“Much as we believe that we are most productive in our little silos, the fundamental fact remains that humans are social animals. By denying the opportunity to collaborate and cross-pollinate ideas, businesses contribute to their own speedy demise.” - Pratik Dholakiya
￼Silos can be broken down by moving work groups or units towards social alignment.
Working in traditional hierarchies based on business units or functions separates and isolates people. This is a costly and ineffective way to operate when using a project approach, dealing with complexity or where a high degree of connectively is required – features characteristic of the modern-day work environment.
A project approach necessitates different groups or units work together to achieve a project, service or result. Unsurprisingly, research shows project success is much harder to achieve if project stakeholders remain within their silos as, in part, it takes a lot more time to reach agreement and make decisions.
Yet around half of businesses operate this way.
To improve overall work performance, as well as increase the likelihood of achieving project success and business-IT alignment, research indicates that separate work groups or units should be encouraged to form one cohesive, superordinate group who share understanding of business objectives as well as commitment towards business outcomes and the plans for achieving them – that is, the different groups or units should be encouraged to socially align with one another.
As different work groups have different areas of expertise, cultural idiosyncrasies, priorities, pressures and resources they tend to resist working together. Instead they typically avoid sharing their information, supplies or rewards with the other groups who they may view as competitors or, possibly, as inferior given they don’t possess their own group’s knowledge, expertise or experience.
Without first acknowledging this limitation and taking the time to put in processes that will aid the breaking down of silos, senior management run a much higher risk that a project will fail, business opportunities will be missed, work efforts may be duplicated and tasks will take longer than necessary.
So how can we develop social alignment between different work groups?
Social alignment occurs when different groups become part of one superordinate group, mutually understand business objectives, are committed towards the business outcomes, and the plans for achieving them.
A recent study observed social alignment as a process consisting of stages that groups transition through to achieve social alignment. These stages are as follows:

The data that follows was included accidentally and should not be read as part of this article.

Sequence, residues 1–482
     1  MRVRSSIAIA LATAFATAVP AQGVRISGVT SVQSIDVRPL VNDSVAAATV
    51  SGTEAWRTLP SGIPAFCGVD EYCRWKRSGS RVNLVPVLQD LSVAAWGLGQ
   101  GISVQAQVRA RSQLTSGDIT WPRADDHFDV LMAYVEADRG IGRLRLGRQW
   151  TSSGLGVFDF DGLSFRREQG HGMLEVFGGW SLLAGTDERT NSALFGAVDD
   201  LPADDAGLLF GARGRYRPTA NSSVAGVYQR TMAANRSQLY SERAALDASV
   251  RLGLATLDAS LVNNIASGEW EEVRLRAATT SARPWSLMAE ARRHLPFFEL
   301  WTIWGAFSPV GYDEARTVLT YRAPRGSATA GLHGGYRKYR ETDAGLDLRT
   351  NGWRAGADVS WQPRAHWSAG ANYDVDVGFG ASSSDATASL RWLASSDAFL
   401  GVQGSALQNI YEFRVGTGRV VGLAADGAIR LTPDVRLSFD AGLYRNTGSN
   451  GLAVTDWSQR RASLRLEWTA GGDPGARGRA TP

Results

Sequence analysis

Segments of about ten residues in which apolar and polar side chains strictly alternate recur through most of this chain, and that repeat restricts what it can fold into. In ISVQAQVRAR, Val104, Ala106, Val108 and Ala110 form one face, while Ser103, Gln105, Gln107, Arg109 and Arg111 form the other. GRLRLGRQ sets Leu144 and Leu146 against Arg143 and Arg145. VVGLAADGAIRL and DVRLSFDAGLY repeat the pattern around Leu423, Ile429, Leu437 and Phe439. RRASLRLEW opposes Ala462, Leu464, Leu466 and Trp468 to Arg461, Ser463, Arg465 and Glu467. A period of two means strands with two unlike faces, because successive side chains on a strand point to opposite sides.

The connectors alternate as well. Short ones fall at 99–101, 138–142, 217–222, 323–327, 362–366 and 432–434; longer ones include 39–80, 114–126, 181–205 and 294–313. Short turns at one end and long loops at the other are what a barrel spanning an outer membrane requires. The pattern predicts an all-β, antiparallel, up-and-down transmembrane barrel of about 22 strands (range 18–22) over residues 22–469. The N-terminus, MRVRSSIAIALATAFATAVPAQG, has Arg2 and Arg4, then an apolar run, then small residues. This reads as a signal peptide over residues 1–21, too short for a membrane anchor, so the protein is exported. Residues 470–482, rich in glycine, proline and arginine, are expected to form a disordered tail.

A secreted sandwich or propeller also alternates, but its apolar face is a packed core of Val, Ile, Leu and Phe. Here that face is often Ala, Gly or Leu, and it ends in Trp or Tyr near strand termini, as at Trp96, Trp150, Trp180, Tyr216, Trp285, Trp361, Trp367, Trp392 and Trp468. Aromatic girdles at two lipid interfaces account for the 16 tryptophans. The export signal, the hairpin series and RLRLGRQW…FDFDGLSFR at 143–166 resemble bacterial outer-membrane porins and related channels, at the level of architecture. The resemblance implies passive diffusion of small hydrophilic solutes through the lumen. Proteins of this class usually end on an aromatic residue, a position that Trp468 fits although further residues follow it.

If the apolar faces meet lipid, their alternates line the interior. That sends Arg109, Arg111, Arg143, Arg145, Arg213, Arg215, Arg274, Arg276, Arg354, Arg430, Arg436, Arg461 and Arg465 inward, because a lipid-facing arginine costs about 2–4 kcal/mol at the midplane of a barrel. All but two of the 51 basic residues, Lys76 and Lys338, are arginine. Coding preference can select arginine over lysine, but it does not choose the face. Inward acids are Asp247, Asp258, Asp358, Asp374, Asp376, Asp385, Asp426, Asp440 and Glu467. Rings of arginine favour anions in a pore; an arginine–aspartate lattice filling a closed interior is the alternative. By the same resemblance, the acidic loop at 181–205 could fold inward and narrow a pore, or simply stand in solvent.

First, each group needs to actively seek to better understand the other groups’ business responsibilities and knowledge, and to share their own business responsibilities and knowledge. Through this understanding, the groups will naturally develop a respect for one another as they begin to understand the other groups’ perspectives, capabilities and constraints.
Secondly, before the groups can achieve alignment, they need to engage in cross-discipline participation, that is, to participate jointly in business processes and activities. Social alignment was found to occur from the achievement of these stages.
The study also offered several ways social alignment between different work groups can be encouraged.
One way is with formal controls such as formal governance, formal authority, formal documentation and firm deadlines. However, while formal controls may be effective at quickly moving people towards social alignment it is unclear how long lasting this alignment will be. The additional use of informal controls (peer-initiated, people-based controls such as informal meetings and phone calls) may assist in developing social alignment between groups that can be sustained over time.
In closing, the first step in breaking down silos and moving different work groups towards social alignment is to use formal and informal controls to encourage the works groups to learn about one another. Often what keeps us separated from one another are the assumptions, prejudices and ethnocentric views we hold consciously or unconsciously about those we perceive as other or different. It is more difficult to hold onto our biases when we are faced with first-hand knowledge of another group’s lived experience.